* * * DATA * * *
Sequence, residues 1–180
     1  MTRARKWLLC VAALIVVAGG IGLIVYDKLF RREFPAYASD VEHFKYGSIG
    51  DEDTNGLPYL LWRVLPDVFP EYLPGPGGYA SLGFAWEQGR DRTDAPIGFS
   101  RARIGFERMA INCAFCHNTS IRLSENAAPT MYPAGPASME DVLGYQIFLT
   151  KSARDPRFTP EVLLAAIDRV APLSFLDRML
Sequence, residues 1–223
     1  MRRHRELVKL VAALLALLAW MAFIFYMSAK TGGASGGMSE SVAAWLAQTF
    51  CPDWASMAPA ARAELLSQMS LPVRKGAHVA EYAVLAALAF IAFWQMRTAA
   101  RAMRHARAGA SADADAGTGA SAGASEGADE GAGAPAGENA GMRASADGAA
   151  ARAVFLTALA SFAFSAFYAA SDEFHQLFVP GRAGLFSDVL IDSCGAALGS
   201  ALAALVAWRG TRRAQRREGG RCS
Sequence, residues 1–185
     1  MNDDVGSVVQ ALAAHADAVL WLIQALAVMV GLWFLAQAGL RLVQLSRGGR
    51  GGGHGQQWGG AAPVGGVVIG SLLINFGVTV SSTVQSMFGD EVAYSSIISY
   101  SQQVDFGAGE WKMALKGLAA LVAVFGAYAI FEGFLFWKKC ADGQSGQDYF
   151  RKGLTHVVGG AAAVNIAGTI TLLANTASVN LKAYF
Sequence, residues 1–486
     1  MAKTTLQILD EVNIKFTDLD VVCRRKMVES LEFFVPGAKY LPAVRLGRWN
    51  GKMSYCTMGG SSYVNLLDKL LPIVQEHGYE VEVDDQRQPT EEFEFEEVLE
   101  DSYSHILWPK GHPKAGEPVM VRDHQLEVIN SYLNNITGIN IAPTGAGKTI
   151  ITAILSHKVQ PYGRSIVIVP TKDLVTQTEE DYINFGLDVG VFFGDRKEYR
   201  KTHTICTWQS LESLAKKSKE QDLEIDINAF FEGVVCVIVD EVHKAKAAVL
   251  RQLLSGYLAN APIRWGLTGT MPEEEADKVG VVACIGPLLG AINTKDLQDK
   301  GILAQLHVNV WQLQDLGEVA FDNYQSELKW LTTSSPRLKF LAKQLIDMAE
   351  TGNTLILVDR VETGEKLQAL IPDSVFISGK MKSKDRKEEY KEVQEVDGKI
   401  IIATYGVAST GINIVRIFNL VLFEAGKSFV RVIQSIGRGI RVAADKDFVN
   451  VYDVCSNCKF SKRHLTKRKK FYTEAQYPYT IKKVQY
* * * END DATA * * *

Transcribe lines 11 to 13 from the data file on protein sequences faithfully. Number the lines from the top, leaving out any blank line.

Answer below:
   201  ALAALVAWRG TRRAQRREGG RCS
Sequence, residues 1–185
     1  MNDDVGSVVQ ALAAHADAVL WLIQALAVMV GLWFLAQAGL RLVQLSRGGR